The NY Times asks why Europe has "Greener" architecture; the good news is, it will come to the US soon.|
Some of it may need tweaking for hotter climates, though.
By the ?80s the green dream had faded somewhat. Faced with corporate and governmental clients who saw little financial benefit in investing in sustainable design, American architects often ignored ecological questions. The few who didn?t tended to focus on small-scale projects that could serve local populations: mud-brick construction in Arizona or rural shacks made of recycled materials in Alabama.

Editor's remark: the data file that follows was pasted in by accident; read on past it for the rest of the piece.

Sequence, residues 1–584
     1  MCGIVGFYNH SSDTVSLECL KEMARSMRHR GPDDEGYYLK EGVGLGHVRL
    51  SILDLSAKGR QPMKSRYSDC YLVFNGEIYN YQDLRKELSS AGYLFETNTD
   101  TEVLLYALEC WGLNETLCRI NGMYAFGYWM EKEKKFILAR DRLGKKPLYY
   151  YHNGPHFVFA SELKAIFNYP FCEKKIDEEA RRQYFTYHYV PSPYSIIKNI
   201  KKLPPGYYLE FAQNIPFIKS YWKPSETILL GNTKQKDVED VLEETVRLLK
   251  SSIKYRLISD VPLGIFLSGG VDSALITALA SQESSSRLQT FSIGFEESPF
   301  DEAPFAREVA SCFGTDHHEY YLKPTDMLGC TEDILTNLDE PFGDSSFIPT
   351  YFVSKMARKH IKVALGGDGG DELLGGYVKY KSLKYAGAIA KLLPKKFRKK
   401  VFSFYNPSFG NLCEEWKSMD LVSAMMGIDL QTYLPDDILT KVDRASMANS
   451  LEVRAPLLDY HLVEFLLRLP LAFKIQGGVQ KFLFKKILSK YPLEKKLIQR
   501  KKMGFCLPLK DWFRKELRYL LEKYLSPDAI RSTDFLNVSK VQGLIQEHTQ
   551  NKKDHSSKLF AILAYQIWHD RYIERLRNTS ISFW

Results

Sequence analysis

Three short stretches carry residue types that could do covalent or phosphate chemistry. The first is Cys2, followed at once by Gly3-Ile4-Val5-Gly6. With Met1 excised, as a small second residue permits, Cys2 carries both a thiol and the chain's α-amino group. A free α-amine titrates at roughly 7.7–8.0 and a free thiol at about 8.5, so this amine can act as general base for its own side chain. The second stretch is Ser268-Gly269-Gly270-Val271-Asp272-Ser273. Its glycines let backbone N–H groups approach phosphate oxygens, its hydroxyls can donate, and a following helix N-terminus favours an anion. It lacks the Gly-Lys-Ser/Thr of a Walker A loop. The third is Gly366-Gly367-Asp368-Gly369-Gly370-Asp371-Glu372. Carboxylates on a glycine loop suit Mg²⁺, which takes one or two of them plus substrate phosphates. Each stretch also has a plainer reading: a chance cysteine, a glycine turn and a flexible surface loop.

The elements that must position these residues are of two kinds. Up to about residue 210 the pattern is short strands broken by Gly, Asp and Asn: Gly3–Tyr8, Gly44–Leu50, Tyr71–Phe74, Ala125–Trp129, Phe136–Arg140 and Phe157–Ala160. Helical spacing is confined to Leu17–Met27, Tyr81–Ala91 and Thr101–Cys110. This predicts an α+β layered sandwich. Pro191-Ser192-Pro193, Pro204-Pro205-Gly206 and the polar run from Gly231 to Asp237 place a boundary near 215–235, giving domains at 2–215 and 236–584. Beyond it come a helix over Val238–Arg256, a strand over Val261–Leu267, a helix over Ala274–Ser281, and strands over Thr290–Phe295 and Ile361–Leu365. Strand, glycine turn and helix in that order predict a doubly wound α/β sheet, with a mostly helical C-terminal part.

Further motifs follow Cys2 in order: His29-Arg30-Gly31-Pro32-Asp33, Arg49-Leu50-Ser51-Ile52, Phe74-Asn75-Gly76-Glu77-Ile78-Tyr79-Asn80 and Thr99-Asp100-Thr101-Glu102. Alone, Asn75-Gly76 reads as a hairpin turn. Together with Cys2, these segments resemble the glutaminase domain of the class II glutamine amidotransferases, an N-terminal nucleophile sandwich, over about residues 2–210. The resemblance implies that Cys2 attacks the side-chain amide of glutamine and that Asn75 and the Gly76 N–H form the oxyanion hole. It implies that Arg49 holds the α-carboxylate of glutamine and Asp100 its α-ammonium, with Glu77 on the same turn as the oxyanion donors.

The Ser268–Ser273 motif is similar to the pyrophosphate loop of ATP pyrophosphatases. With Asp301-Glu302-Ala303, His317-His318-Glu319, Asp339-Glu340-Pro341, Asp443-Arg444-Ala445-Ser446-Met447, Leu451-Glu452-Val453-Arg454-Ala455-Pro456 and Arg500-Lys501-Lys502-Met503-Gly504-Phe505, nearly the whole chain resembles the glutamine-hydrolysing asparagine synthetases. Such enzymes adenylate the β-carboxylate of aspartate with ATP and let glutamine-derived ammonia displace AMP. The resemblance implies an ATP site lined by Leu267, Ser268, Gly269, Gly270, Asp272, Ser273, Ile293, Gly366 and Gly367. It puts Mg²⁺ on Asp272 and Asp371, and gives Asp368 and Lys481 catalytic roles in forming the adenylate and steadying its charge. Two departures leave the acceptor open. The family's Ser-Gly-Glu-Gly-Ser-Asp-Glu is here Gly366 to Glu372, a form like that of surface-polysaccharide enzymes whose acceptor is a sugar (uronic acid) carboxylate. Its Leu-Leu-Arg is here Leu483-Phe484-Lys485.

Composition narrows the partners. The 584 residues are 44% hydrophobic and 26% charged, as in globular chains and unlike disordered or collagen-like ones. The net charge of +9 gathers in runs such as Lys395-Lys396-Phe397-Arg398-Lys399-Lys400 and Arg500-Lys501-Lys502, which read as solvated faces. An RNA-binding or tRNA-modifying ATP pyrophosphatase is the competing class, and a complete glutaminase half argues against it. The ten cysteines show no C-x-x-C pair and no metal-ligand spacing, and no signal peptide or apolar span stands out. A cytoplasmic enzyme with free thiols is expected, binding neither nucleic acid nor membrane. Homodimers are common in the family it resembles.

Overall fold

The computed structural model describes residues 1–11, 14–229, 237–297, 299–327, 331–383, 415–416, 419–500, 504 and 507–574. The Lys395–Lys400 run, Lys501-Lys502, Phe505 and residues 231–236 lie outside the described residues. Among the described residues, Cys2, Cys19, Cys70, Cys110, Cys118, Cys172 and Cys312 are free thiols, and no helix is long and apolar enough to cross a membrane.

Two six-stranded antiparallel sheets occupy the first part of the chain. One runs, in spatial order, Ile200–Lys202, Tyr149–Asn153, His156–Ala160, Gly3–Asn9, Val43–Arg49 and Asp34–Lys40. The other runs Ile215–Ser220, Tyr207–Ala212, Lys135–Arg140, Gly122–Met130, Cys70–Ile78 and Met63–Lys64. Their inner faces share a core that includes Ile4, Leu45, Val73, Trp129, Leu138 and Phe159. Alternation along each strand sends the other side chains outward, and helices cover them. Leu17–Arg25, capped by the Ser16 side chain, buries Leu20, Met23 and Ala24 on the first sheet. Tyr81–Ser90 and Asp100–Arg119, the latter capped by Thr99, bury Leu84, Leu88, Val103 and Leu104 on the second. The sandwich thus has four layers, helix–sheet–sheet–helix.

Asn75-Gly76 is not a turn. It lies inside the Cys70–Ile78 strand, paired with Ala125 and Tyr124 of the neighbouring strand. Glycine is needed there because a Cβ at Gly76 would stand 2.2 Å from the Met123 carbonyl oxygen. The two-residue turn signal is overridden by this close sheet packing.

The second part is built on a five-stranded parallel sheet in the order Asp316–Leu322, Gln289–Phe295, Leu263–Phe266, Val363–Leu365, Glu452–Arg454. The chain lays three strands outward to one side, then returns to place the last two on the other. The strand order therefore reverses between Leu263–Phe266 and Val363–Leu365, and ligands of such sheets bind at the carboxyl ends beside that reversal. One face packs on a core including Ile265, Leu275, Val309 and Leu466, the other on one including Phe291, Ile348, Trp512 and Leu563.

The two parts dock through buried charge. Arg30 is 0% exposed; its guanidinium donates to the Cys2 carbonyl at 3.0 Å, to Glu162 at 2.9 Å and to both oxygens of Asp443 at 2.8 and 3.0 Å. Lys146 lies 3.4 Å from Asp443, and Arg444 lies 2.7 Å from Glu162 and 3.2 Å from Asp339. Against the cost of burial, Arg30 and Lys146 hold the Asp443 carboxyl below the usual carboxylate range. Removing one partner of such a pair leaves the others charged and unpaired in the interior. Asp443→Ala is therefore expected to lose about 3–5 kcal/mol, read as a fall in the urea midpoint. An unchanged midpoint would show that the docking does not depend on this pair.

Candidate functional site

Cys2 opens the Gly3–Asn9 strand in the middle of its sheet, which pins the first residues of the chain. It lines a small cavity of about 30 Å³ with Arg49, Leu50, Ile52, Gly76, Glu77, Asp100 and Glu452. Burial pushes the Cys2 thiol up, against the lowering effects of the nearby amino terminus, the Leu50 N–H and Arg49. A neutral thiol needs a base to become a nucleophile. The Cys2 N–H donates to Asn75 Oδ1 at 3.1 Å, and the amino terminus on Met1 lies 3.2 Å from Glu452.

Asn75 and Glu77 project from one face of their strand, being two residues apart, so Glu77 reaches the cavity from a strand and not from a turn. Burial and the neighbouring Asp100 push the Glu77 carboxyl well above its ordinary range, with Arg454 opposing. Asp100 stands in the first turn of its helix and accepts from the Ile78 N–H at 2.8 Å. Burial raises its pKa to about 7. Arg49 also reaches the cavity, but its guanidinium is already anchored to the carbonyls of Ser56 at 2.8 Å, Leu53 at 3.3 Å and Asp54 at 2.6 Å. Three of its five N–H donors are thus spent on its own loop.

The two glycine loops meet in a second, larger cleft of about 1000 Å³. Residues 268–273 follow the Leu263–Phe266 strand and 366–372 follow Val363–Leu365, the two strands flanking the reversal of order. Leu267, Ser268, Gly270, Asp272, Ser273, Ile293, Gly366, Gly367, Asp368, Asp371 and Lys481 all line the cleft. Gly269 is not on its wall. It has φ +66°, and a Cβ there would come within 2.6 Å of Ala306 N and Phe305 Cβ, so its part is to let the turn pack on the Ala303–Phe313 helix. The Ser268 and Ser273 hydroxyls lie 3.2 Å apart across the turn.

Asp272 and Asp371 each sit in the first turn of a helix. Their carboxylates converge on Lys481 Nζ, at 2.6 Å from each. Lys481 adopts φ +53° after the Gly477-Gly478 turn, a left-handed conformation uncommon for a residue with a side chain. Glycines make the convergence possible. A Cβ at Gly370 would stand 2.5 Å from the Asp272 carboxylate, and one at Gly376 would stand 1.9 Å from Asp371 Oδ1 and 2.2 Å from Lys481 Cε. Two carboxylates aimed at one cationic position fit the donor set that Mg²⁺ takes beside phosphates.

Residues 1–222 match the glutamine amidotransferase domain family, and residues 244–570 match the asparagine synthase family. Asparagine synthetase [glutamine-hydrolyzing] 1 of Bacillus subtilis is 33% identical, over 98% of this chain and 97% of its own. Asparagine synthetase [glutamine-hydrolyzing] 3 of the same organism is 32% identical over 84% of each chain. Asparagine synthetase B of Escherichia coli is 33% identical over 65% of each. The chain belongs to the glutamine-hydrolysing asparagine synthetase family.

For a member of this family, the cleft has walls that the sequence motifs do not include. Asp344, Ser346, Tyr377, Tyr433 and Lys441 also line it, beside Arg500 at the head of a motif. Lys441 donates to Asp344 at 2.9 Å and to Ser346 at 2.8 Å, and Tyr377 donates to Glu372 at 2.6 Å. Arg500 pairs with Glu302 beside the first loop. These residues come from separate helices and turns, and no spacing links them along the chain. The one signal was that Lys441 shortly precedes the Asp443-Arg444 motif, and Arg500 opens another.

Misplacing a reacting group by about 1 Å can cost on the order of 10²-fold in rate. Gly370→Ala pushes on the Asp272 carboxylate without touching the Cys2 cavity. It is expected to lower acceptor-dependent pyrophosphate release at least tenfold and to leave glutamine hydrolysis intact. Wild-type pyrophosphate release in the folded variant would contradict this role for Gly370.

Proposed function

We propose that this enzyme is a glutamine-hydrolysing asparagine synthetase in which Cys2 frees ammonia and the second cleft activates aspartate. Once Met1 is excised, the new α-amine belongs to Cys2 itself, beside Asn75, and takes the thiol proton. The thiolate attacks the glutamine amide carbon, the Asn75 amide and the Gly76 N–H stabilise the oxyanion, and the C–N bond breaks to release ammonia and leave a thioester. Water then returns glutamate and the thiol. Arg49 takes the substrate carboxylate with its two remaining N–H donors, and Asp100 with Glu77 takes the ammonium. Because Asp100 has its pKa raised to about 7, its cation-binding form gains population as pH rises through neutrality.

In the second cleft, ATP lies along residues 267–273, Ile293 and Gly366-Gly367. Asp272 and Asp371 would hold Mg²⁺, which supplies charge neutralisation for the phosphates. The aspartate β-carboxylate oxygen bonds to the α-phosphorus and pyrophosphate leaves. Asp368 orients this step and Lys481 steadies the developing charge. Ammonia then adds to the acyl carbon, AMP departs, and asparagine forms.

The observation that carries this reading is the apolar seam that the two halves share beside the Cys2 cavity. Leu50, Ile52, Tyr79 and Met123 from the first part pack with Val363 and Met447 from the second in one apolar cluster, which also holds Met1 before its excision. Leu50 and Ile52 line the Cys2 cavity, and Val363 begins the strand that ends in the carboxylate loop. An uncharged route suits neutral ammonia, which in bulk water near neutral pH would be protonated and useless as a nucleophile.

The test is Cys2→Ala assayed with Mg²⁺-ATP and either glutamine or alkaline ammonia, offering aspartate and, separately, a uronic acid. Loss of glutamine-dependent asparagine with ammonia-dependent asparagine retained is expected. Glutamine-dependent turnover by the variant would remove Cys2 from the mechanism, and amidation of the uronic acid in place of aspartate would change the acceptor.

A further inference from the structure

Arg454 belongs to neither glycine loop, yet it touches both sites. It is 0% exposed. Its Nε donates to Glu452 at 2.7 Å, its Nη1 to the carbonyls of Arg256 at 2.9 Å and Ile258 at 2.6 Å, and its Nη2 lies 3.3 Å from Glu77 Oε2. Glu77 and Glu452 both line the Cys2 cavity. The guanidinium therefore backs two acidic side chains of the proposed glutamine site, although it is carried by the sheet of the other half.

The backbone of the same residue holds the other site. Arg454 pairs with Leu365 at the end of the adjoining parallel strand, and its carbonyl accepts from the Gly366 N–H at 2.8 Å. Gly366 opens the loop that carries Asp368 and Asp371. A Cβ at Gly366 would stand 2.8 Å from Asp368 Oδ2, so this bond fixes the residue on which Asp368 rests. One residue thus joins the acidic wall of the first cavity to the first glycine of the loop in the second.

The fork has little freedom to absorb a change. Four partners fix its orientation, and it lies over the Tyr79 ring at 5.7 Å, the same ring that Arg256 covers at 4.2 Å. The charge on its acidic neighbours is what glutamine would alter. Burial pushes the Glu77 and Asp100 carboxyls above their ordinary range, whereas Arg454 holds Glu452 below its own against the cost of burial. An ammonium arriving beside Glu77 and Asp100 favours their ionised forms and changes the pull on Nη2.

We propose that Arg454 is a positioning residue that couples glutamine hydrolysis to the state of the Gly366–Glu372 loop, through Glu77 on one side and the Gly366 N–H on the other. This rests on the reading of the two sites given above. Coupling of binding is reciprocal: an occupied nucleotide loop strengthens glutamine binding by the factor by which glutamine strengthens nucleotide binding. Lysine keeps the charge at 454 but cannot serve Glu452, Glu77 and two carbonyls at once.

In Europe, by contrast, where the E.U. and national governments often play a greater role in planning and regulating building, the effort to develop sustainable architecture gathered momentum. By the mid-90s, all new construction in Europe had to meet basic requirements in energy consumption, and many European architects began to make sustainability a central theme in their work.